- A top World Health Organization official said data from some countries suggests that the delta variant causes an increased risk of hospitalization in those infected.
- However, she said, people infected with the delta variant “have not died more often than with the other strains.”
- Health officials have struggled with the question for months, awaiting real-world data to play out in countries that are experiencing high levels of spread of the delta variant.
A top World Health Organization official said Tuesday that data from some countries may indicate that the delta variant causes an increased risk of hospitalization in those infected, but it isn't necessarily killing more people than other strains.
“In terms of severity, we have seen some countries suggest that there is increased risk of hospitalization for people who are infected with the delta variant. We haven't seen that translate to increased death,” said Maria Van Kerkhove, the WHO's technical lead on Covid-19. People infected with the delta variant “have not died more often than with the other strains,” she said.
Health officials have struggled with the question for months, awaiting real-world data to play out in countries that are experiencing high levels of spread of the delta variant. Van Kerkhove said WHO officials meet daily to discuss the rapidly spreading variant.
Like other strains, the delta variant is particularly dangerous for people who have underlying conditions, such as obesity, diabetes or heart disease, WHO officials say. It's far more contagious than other variants, however, so it's infecting more people and straining global health systems.
“The risk factors for severe disease and death are the same,” Van Kerkhove said. “If you have underlying conditions, no matter what age you are, you're at an increased risk of hospitalization.”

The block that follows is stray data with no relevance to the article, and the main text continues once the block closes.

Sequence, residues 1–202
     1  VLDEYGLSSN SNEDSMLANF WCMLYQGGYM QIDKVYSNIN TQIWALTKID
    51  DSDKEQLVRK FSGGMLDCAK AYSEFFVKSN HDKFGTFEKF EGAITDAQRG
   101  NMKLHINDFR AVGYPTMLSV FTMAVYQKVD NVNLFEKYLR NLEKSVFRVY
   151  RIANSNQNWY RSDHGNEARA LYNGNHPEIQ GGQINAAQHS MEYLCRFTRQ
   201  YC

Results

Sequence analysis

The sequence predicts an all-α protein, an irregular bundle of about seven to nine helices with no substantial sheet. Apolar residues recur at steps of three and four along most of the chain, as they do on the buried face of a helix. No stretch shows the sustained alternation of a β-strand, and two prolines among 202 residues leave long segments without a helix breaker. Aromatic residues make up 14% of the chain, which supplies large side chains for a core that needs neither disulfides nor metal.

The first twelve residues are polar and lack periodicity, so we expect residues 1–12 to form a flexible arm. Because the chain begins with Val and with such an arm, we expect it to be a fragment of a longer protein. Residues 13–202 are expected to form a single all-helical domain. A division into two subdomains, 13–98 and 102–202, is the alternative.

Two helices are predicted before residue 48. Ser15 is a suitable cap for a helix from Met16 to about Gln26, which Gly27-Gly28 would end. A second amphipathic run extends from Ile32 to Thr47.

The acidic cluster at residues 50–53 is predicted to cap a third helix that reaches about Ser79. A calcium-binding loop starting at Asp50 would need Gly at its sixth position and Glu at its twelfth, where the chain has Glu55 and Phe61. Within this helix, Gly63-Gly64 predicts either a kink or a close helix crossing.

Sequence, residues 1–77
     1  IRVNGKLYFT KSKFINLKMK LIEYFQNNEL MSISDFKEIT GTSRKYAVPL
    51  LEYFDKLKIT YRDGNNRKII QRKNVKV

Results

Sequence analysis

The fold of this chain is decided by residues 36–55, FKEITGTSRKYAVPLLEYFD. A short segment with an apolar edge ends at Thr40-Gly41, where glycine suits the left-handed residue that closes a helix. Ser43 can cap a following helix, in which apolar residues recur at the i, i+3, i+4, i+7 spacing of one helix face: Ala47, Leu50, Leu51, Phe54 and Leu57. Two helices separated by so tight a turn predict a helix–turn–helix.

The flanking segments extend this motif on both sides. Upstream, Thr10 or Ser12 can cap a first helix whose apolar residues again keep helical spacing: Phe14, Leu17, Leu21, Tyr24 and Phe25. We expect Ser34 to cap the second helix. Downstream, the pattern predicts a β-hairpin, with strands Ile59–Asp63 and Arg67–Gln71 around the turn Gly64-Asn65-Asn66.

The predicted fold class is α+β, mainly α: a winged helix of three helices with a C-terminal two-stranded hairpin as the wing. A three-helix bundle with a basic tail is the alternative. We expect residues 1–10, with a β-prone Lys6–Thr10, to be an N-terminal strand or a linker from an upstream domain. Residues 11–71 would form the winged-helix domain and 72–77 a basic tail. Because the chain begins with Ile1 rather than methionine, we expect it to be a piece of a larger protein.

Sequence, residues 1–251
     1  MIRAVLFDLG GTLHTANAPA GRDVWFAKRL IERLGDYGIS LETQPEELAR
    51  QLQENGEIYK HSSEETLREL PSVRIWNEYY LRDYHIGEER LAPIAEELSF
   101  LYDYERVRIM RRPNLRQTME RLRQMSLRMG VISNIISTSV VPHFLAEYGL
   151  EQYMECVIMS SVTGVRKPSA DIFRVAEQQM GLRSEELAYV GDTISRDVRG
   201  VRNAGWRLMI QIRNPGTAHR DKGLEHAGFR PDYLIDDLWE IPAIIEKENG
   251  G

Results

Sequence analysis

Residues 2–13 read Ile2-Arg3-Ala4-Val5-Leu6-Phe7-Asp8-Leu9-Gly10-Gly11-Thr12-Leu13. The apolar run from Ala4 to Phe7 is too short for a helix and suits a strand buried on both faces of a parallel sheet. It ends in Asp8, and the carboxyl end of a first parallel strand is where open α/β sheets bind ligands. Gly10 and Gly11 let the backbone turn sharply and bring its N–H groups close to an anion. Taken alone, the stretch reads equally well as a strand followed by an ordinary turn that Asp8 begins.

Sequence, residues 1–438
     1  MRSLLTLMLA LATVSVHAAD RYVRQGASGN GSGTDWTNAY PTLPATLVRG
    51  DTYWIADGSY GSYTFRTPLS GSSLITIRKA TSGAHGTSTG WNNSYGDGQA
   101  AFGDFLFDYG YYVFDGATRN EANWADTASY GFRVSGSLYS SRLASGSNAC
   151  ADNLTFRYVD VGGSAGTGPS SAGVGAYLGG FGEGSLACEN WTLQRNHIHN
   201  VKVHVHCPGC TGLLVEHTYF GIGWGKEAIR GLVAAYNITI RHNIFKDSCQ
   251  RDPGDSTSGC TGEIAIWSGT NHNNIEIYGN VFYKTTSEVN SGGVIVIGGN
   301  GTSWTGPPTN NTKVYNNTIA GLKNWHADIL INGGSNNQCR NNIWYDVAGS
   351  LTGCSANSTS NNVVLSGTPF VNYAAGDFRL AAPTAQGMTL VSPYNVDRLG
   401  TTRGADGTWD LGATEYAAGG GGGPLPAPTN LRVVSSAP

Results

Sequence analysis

The delta variant also quickly overtakes all other variants wherever it's detected, she said.
“The prevalence of lambda variant is going down … and the delta variant is increasing,” Van Kerhove said. “The delta variant, everywhere that it's identified it quickly replaces other variants that are circulating.”
It is spreading into Central and South American countries and is quickly overtaking the lambda variant that is currently dominant in that part of the world.
“We still do not know exactly what the impact of delta is going to be in Latin American countries,” the Pan American Health Organization's incident manager, Dr. Sylvain Aldighieri, said at a briefing last week.
The delta variant, which was first detected by scientists in India in October, has spread to at least 142 countries so far. Found in the U.S. just a few months ago, it now accounts for more than 90% of all sequenced cases, according to the CDC.
Those most at risk in the U.S. have been fully vaccinated, with booster doses for people with weakened immune systems approved on Friday and available for administration immediately.
There are currently discussions about opening up booster doses for the general population, a move that would go against strong recommendations by the WHO to share doses with the rest of the world before giving boosters to people who've already received their initial shots.
More than 200 million people across the world have become infected with Covid since the beginning of the pandemic, doubling from 100 million cases in the last six months. With the more transmissible delta variant rapidly spreading, the number could easily hit 300 million early next year, WHO officials said last week.
“Whether we reach 300 million and how fast we get there depends on all of us,” WHO Director-General Tedros Adhanom Ghebreyesus said last week.
— CNBC's Robert Towey contributed to this report.
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